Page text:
Young-earthers believe God’s original creation was completely devoid of physical pain, suffering and death, based on little more than the fact that Genesis 1 calls the world “very good.” They explain away the existence of everything from cancer to carnivorous animals (e.g., in their fantasy world, lions’ sharp teeth and powerful jaws were once used to eat watermelons and coconuts) with a supposed “cosmic fall” — a catastrophic corruption of the entire universe that, for some reason, God didn’t really think was worth mentioning anywhere in scripture.
They see all this, naturally, as the perfectly reasonable punishment for a single act of disobedience committed by two people long ago (because, after all, if anyone should have to pay for the sins of man, it should be non-sentient animals living thousands of years later).
As I’ve said before, the “cosmic fall” is so appealing not because the Bible clearly teaches it (it doesn’t). It’s appealing because it provides a “Get out of a hard conversation free” card for the extremely difficult question of the existence of natural evil (terrible things like hurricanes and polio that can’t be attributed to human free will).
Now, I know my literalist readers (if I still have any, that is) have just been seething until now, because, of course, they do believe the cosmic fall is taught in scripture. The funny thing is, the only way they can find any support for the idea in the Bible is by misusing the text in exactly the same ways they accuse us more moderately thinking Christians of doing — usually by ripping a passage out of context. (This is only annoying because they claim so frequently to be the only ones who are “faithful” to scripture, while calling the rest of us COMPROMISERS.)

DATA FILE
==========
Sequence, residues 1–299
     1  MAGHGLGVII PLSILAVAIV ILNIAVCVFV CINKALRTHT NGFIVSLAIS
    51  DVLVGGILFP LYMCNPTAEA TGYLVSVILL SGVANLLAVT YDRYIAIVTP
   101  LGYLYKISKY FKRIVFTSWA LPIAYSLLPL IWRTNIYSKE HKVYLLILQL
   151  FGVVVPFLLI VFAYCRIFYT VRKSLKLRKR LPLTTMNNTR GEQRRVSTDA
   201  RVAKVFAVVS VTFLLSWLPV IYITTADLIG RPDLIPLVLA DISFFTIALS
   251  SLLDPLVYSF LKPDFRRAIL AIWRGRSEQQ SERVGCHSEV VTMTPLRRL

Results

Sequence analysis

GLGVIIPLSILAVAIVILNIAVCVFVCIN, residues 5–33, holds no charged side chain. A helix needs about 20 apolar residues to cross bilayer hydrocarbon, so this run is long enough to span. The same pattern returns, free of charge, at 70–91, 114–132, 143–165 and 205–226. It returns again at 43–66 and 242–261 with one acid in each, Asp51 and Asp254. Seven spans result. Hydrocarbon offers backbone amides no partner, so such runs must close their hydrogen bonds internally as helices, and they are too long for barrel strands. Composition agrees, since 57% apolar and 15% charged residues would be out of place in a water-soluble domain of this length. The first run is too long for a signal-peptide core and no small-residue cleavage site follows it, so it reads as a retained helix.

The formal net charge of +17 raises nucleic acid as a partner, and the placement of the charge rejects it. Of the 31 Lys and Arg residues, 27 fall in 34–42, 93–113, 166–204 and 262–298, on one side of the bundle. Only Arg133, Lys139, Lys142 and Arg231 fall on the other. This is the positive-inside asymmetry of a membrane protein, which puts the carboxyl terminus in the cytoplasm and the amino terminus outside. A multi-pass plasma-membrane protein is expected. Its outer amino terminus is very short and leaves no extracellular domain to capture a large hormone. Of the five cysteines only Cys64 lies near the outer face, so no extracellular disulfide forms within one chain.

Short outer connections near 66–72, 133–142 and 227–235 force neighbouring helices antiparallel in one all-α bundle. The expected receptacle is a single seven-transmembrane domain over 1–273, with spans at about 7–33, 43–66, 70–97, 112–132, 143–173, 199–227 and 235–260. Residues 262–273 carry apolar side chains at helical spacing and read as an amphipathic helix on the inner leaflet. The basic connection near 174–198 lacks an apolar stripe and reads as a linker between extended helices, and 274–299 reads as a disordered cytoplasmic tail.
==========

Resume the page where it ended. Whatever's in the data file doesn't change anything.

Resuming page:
For example, in Genesis 3:14, God is described as addressing the talking serpent who had just helped tempt Adam’s wife into sin, and cursing it in the following way: “on your belly you shall go, and dust you shall eat all the days of your life.” This simple verse powerfully illustrates the fundamental inconsistency in the young-earth exegesis (the same inconsistency that causes them to take literally the six days of the Genesis 1 creation account, while taking metaphorically the many verses that describe a flat earth or a geocentric solar system). In this case, they easily brush aside the most straightforward meaning of the words (that this individual serpent was caused to, literally, eat dirt), while bizarrely extrapolating from the “all the days of your life” clause that this is the precise moment at which all living things besides humans became capable of physical death.
But no, we’re the ones who don’t “respect God’s word.”
Anyway, back to the cosmic fall. In my experience, the primary passage that is used as evidence for the idea is — oddly enough — nowhere close to Genesis. It’s Romans 8:18-25. Here’s Geoff Chapman, director of a group called Creation Resources Trust, responding to one of my articles in this poorly formatted Word document (emphasis mine):
To suggest that God used such an inefficient, wasteful and cruel process to bring us into being insults His character. [If you haven’t guessed, he’s talking about evolution.] It means that sin, pain and suffering existed for millions of years before humans appeared, making God, not humans, responsible for the evil in the world. It undermines the New Testament teaching that the creation is “groaning” because of the curse of human sin (Romans 8).
Do a little research, and you will find similar wording on the articles at all the other big creationist organizations. They all say Romans 8 is about the curse and the fall and the inherent punishment for human sin.